Anyway we were-on parade as usual one day, when the WO called out a list of names, and said “Report at the orderly room at 10.30, you have volunteered for the Navy”. Well it was a bit of a surprise, what next I wonder? I reported and went home on 7 days’ leave. Having left our RAF kit at Uxbridge at 11.15 a.m. on October the 8th I arrived at HMS Royal Arthur at 5.45 p.m. the same day.

The changeover from RAF to RN was not really to my liking, although I probably would not have travelled to such exciting places had I stayed in the RAF. The RN uniform is a bit peculiar to get used to, and although I suppose it was looked on as being “tiddley" as they say, it was really not very practical when compared with other service uniforms. The uniform was rather thin, and I caught a chill in the kidneys. While I was there I had to stand to attention in respect to a rating who had just died of meningitis. Was the RN not a very healthy place then? I would find out. There was one occasion when we were being given a lecture by an RN officer. There was some talking and larking about. He said that if we didn't shut, he would give us a bottle. What on earth was he talking about? It sounded like a load of rubbish to us ex RAF lads. I must say that the RAF seemed to be a fairly gentlemanly service and what were we to make of the RN practice of waking the lads by banging on their door with a wooden truncheon with a metal end? I suppose it was an updated version of a rope's end used in the days of Captain Bligh. Of course there were duties to be done. Guard duty was on top of the water tower via a vertical ladder, past some pumping machinery. As it was November, it was a frosty night, so we made some cups of "pussers kye": a form of special chocolate grated into boiling water. Lovely but very hot. November 11th, basic training completed, and I was posted to the Isle of Man. Of course I was not alone, there were quite a few WT operators who came over from the RAF and the Army. So on the train to Fleetwood in Lancashire where we arrived at about 6.30 in the morning, brrr. Unfortunately the sea was rather rough when we went on board M. V. Snafell and had lunch. It was O.K. but I had my eye looking out of the porthole at a boat in the harbour that was bobbing about like a cork. The trip was rough and mal-de-mer was top of the menu.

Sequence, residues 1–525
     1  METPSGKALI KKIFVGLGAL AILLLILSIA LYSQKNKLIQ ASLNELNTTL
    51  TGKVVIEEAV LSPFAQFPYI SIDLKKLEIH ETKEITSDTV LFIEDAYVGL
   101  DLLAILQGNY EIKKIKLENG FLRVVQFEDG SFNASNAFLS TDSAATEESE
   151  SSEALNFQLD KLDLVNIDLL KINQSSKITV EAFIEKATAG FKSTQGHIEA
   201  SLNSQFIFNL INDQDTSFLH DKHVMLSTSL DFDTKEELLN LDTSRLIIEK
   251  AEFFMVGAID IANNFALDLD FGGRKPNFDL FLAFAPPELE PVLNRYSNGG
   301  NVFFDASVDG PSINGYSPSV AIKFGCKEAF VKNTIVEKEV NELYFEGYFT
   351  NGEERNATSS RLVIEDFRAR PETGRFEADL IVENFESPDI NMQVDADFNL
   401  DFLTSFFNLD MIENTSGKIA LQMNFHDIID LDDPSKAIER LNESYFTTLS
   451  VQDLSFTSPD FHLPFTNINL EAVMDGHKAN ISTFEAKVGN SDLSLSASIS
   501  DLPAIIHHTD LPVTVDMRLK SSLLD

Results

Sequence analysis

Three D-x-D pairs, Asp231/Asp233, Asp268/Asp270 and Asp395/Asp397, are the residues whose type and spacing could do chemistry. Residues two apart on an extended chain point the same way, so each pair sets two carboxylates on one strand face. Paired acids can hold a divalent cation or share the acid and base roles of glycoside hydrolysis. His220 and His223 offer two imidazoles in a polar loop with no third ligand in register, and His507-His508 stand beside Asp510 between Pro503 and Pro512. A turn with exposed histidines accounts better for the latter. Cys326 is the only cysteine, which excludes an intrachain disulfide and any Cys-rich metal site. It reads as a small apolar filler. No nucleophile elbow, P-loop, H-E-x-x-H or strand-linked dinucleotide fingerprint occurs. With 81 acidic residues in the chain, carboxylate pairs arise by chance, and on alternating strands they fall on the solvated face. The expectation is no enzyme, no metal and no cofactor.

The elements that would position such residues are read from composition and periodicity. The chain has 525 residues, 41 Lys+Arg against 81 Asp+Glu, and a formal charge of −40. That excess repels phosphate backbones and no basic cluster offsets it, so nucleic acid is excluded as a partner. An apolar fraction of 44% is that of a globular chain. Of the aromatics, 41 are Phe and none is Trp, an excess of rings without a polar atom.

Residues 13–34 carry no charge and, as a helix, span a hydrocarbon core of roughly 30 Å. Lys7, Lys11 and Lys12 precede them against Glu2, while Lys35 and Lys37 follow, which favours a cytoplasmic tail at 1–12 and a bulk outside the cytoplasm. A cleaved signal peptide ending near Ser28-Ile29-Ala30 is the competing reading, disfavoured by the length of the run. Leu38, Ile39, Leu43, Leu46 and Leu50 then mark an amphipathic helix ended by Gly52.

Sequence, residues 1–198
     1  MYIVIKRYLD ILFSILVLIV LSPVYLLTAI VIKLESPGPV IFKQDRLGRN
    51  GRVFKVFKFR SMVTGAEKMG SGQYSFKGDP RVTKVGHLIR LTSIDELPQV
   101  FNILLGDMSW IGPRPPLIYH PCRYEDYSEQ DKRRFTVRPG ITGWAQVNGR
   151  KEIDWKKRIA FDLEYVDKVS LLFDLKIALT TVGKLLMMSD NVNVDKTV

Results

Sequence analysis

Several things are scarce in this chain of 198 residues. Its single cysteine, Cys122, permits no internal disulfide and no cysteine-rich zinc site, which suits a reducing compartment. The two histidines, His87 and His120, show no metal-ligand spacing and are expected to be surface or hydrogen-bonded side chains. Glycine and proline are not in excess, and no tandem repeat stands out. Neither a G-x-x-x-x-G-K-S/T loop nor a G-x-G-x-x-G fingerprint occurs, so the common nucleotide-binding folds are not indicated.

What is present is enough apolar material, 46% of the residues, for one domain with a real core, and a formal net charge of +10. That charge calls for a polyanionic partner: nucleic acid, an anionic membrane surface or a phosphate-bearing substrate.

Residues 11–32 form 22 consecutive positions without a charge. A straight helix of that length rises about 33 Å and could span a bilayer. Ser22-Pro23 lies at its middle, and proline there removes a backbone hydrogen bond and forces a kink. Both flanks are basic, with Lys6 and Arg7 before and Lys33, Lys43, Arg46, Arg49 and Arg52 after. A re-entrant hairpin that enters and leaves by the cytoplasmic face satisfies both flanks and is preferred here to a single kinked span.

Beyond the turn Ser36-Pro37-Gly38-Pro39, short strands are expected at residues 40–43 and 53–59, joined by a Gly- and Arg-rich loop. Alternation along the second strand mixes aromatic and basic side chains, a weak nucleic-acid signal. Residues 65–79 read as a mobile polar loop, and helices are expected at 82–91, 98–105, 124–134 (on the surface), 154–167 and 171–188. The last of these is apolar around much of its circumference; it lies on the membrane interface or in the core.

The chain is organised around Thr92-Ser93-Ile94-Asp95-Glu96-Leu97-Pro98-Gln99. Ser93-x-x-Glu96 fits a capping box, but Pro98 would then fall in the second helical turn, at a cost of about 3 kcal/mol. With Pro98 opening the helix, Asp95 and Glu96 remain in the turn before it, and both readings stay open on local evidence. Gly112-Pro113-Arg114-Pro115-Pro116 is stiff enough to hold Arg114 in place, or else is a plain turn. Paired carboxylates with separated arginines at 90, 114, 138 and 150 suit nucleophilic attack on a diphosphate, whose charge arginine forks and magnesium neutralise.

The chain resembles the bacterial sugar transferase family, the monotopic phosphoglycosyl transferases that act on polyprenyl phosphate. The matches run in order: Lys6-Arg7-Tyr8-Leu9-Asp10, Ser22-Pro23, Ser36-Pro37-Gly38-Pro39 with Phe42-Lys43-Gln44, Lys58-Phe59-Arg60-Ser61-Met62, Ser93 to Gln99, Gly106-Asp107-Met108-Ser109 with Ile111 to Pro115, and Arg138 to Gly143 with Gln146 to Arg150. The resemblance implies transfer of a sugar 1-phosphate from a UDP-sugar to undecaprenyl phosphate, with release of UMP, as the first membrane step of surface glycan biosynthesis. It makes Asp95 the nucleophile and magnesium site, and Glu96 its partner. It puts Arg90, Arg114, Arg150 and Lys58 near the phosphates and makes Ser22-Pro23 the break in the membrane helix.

On arrival on the Isle of Man, I was billeted at a house on the front in Douglas, and we had another course of instruction. This time RN morse, working up to a speed of 22 words a minute (Army and RAF speeds were 18 words p.m.) also transmitting and receiving procedures. Well I passed the necessary tests, and became a Wireless Telegraphist. My posting came up and I went to HMS Mercury, the RN Signal School near Petersfield, Hampshire. More courses. Some of the lads would lose all their pay on playing cards. We learned many things, including RN codes. It was very interesting. Well there was a most beneficial tradition in the RN, it was the rum ration. There were three grades: UA - Under 20 years of Age; G for Grog (i.e. rum issue); and T - Temperance. Well some kind sailor gave me his ration while I was underage. The ration was usually "two and one" i.e. two of water and one of rum. There are also "Neaters" which I hope is self explanatory. After that tot of rum I went and lay down, and slept for two hours.

While at the signal school, there were physical events in which we all had to take part, like an assault course. In our class there was a thick b---er who came from Dunmow. We were supposed to climb along a rope between two poles. It was a matter of doing it slothwise, head first, feet trailing. Well he was ahead of me, and although he was a large chap he was abysmally slow, in spite of him being shouted at loudly. I was behind him, had just got onto the rope and was looking upwards, when out of a clear blue sky comes a thumping great boot on my nose. It wasn't a great shnozzle before, but became rather swollen. I let go of the rope with my hands, and hung upside down by my feet. A wash in cold water helped a bit, and washed away the blood so I was really not too bad. And do, you know, that lout never even apologised. Well time and training went on. l was one of the "Jim Crow's" party who had to go round the main building, checking for all blackouts to be drawn. I was just checking the WRNS' floor and opened a loo door (unlocked) and found a young lady sitting on the pan. Another door opened on to a bedroom with a number of young ladies therein partially clothed (scream) they didn't even invite me in.